Furthermore, in his treatise Concerning Councils and Churches Luther writes (St. L. Ed. XVI, 2241 f.) : “My friends the Antinomians preach exceedingly well — and I cannot but believe that they do so with great earnestness — concerning the mercy of Christ, forgiveness of sin, and other contents of the article of redemption. But they flee from this inference as from the devil, that they must tell the people about the Third Article, of sanctification, that is, of the new life in Christ. For they hold that we must not terrify people and make them sorrowful, but must always preach to them the comfort of grace in Christ and the forgiveness of sin. They tell us to avoid, for God’s sake, such statements as these: ‘Listen, you want to be a Christian while you are an adulterer, a fornicator, a swill-belly, full of pride, avarice, usurious practises, envy, revenge, malice, etc., and mean to continue in these sins?’ On the contrary, they tell us that this is the proper way to speak: ‘Listen, you are an adulterer, fornicator, miser, or addicted to some other sin. Now, if you will only believe, you are saved and need not dread the Law, for Christ has fulfilled all.’ Tell me, prithee, does not this amount to conceding the premise and denying the conclusion? Verily, it amounts to this, that Christ is taken away and made worthless in the same breath with which He is most highly extolled. It means to say yes and no in the same matter. For a Christ who died for sinners who, after receiving forgiveness, will not quit their sin nor lead a new life, is worthless and does not exist. According to the logic of Nestorius and Eutyches these people, in masterful fashion, preach a Christ who is, and is not, the Redeemer. They are excellent preachers of the Easter truth, but miserable preachers of the truth of Pentecost. For there is nothing in their preaching concerning sanctification of the Holy Ghost and about being quickened into a new fife. They preach only about the redemption of Christ. It is proper to extol Christ in our preaching; but Christ is the Christ and has acquired redemption from sin and death for this very purpose that the Holy Spirit should change our Old Adam into a new man, that we are to be dead unto sin and live unto righteousness, as Paul teaches Rom. 6, 2 ff., and that we are to begin this change and increase in this new life here and consummate it hereafter. For Christ has gained for us not only grace (gratiam), but also the gift (donum) of the Holy Ghost, so that we obtain from Him not only forgiveness of sin, but also the ceasing from sin. Any one, therefore, who does not cease from his sin, but continues in his former evil way must have obtained a different Christ, from the Antinomians. The genuine Christ is not with them, even if they cry with the voice of all angels, Christ! Christ! They will have to go to perdition with their new Christ.”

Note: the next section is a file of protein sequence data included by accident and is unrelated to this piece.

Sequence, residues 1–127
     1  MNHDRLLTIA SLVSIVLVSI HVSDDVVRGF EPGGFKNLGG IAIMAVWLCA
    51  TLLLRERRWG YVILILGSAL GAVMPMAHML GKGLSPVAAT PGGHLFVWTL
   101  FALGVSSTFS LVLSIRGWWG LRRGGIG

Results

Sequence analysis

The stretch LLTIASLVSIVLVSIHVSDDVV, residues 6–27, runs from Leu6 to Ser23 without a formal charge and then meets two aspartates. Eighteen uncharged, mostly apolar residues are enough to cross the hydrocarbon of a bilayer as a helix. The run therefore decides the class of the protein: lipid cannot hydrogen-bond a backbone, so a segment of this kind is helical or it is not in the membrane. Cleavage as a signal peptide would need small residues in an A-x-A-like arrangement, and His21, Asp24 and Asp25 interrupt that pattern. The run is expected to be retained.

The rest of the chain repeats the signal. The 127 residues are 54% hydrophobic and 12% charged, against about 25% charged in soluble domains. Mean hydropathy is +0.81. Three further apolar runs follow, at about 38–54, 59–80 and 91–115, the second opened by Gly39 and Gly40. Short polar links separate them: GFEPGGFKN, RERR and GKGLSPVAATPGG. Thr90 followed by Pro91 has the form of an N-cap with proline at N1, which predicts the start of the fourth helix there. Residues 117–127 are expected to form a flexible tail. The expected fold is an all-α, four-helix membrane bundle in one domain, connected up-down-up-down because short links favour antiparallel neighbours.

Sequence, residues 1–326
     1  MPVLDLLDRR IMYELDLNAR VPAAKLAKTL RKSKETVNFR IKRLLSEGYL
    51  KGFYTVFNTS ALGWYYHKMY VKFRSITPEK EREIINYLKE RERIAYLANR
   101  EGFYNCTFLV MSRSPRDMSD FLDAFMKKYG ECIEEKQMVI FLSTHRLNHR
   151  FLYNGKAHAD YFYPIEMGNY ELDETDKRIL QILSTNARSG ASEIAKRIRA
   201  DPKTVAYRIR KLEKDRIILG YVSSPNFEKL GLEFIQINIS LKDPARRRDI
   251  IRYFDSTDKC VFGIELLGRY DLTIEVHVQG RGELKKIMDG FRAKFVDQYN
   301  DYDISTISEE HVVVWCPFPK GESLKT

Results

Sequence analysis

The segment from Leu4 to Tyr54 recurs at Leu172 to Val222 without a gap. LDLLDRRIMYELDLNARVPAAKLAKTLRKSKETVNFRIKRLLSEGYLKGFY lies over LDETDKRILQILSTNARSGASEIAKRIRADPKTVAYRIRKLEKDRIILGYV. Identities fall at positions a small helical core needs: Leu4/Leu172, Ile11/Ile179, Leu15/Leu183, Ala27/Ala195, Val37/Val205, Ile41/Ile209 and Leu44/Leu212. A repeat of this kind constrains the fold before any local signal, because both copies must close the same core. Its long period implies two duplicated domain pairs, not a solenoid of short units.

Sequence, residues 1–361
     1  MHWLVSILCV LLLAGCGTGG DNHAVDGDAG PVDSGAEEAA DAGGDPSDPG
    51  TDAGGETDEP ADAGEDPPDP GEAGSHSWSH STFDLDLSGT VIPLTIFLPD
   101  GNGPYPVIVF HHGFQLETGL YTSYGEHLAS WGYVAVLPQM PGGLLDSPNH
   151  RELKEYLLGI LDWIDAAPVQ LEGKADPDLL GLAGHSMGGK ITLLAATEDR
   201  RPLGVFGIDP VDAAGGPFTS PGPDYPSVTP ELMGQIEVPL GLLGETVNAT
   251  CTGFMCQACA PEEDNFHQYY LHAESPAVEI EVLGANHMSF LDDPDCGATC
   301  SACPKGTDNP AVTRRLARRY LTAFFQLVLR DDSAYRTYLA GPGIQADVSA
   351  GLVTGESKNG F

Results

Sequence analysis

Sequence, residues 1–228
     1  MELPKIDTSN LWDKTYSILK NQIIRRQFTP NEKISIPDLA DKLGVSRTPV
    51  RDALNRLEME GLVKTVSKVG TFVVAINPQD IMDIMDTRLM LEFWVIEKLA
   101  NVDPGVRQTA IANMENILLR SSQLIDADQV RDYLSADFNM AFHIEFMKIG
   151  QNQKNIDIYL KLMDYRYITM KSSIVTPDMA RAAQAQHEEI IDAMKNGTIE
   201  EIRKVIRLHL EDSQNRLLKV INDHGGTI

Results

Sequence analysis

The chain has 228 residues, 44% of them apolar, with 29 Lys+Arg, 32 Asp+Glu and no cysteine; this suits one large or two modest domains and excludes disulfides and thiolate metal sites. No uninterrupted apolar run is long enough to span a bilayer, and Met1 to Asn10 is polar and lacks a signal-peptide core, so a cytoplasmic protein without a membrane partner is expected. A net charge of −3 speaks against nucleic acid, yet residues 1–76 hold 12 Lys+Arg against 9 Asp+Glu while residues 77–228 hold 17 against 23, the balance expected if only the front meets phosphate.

The Antinomians, you know, were followers of John Agricola, of Eisleben, who taught that the Law must not be preached in the Christian churches because it belongs in the court-house, on gallows’ hill, etc. Luther has given an extreme description of Antinomian preaching. None of you will readily imitate that method, but it is easy to fall into something like it. When you are about to comfort people effectually who are in anguish and distress because they imagine that their sins are too great, that they have sinned too long a time, etc., then you must proceed to glorify grace and say: “Though you had committed all sins that have ever been committed on this earth, though you were Judases and Cains and had persecuted Jesus, you need not despair of the mercy of God.” However, this correct statement must be delivered in such a manner that reckless sinners will feel that the statement applies only to such sinners as are alarmed and in distress over their sins and not to people like themselves, who think that, after all, matters will not be so bad as the preachers say. Be careful, then, for God’s sake, when preaching the Gospel, not to make sinners secure and thus become seducers unto sin and defenders of sin.